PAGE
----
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It's not what you know...

... it's who you know.

Rewind to 12 months ago. I'm being interviewed for a position as a C++ developer at a big company, a global player. The interview goes nowhere.

I end up leaving my company kicking and screaming, and find a contract position with a company that then sells my services to another company: the original big company. I don't say a word about my interview because I don't think it's necessary. The project is killed prematurely, but I end up on the good side of the project manager, the person who, inside the big company, is responsible for that project. Without me saying a word she refers me to another contract (that I politely decline).

Forward to Monday. I am called for another round of interviews inside the big company.
In the name of full disclosure I refer to my participation in project X and once I get home I forward an email to the previous project manager saying something like "well, if someone asks you something about me, this is what's happening....".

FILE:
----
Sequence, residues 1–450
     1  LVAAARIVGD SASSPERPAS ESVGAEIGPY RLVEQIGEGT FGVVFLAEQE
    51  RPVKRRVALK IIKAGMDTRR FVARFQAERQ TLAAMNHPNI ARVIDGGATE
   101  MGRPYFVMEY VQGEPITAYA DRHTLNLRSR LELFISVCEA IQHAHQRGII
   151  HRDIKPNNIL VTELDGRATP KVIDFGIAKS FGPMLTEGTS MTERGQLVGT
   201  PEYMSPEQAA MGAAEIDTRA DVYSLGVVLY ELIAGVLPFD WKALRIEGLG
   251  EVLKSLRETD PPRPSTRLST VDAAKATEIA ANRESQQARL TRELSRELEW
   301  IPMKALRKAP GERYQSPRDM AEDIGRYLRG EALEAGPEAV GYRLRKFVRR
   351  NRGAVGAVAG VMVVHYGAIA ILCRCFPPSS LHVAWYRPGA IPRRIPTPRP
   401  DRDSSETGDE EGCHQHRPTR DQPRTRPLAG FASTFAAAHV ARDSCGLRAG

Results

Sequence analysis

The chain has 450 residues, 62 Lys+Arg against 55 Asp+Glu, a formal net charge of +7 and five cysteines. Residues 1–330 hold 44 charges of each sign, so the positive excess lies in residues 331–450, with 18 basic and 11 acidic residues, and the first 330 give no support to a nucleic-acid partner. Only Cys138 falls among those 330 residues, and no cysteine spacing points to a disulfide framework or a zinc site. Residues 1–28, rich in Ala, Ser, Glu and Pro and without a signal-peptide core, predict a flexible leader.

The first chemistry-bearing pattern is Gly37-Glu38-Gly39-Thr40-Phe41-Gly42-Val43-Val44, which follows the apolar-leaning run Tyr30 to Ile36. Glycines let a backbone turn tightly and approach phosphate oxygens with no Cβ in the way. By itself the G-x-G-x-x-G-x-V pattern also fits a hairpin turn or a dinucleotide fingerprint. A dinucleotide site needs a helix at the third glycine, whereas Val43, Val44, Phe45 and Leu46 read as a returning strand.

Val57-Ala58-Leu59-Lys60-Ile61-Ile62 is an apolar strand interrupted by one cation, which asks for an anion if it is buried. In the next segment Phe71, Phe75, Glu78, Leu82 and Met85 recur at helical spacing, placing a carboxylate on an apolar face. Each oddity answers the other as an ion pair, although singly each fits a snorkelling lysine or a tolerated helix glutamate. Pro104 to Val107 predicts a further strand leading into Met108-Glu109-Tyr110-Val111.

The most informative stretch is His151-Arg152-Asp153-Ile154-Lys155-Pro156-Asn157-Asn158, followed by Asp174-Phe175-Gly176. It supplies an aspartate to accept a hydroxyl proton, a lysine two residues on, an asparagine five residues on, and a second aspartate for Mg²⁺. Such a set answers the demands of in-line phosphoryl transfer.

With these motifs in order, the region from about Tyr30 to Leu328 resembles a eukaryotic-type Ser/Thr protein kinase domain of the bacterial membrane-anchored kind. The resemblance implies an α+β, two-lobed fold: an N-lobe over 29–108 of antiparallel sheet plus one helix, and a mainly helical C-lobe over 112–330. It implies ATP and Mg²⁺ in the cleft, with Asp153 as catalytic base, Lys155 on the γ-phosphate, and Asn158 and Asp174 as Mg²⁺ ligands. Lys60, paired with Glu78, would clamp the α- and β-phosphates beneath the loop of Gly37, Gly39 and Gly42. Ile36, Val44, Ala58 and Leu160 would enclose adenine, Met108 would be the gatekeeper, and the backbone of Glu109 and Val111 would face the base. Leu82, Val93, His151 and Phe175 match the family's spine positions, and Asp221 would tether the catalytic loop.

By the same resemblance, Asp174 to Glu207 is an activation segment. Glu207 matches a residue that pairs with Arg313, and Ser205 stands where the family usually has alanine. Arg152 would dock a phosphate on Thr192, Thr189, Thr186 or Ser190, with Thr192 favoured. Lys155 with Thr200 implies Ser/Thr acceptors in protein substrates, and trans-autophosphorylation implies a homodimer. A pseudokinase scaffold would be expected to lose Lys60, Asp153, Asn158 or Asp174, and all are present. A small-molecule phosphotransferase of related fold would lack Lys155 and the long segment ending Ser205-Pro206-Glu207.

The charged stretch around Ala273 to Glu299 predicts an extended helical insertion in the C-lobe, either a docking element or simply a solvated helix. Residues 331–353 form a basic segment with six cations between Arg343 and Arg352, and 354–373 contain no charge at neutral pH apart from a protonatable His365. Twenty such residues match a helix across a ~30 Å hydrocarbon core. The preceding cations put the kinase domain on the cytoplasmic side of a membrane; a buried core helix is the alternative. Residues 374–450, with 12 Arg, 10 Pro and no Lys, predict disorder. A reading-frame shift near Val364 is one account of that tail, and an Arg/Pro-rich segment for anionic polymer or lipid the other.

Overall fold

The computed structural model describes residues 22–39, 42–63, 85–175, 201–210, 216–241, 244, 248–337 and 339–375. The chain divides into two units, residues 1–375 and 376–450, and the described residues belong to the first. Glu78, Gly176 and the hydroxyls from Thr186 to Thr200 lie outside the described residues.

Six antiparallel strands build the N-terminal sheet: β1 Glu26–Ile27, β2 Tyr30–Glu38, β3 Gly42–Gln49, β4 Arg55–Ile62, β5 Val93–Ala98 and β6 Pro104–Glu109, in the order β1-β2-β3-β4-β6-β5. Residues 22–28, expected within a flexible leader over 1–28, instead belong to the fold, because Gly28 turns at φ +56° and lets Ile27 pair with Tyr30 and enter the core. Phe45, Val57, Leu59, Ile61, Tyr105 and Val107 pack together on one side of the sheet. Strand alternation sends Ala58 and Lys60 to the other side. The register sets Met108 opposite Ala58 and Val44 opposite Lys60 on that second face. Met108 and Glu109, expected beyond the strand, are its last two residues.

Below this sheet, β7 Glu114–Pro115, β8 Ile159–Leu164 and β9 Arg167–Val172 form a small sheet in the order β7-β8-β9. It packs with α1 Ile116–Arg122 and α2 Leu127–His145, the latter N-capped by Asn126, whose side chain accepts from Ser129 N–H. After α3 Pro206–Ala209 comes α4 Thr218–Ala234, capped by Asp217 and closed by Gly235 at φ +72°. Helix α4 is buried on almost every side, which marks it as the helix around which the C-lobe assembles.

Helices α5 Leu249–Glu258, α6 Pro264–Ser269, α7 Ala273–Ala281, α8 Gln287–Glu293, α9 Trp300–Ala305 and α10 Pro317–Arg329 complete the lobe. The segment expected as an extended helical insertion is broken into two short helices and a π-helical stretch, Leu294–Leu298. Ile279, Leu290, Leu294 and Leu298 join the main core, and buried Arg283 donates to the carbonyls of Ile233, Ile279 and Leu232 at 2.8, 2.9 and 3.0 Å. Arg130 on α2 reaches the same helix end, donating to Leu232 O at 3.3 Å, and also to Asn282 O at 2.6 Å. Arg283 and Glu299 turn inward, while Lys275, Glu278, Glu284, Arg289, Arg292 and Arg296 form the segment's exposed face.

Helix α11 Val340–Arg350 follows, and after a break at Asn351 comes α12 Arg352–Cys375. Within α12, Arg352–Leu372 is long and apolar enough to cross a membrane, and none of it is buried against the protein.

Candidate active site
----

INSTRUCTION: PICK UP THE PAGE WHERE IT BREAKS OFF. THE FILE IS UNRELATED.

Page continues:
Like I said, I am on great terms with said project manager. I believe I did ok on the interview.

Now, was it ok to send that email to the project manager?

Wednesday, May 26, 2004

I guess I'm bit confused: Why _wouldn't_ it have been OK?

Wednesday, May 26, 2004


They called you for the second time, meaning they like and need you. You provided a reference they know that's another plus.

Consider yourself hired.

Wednesday, May 26, 2004

More pertinent is the fact that BigCo is now seeking you out, and you have valuable experience on one of their projects. This gives you excellent bargaining power.

Ask for 20 to 50 percent more than you would have a year ago, especially if it's one of those big outsourcers.

Wednesday, May 26, 2004

The unspoken truth of business:

It's not what you know.

It's who you blow.

Chen-li Fan
Wednesday, May 26, 2004

<I>The unspoken truth of business: It's not what you know. It's who you blow.</I>

Unspoken, my ass. It seems that the only folks who haven't got this clue yet are (most) software engineers.

Soft "people" skills and human networking are just as important as technical skills. For long term sucess in this industry, both must be developed.

Wayne Earl
Wednesday, May 26, 2004

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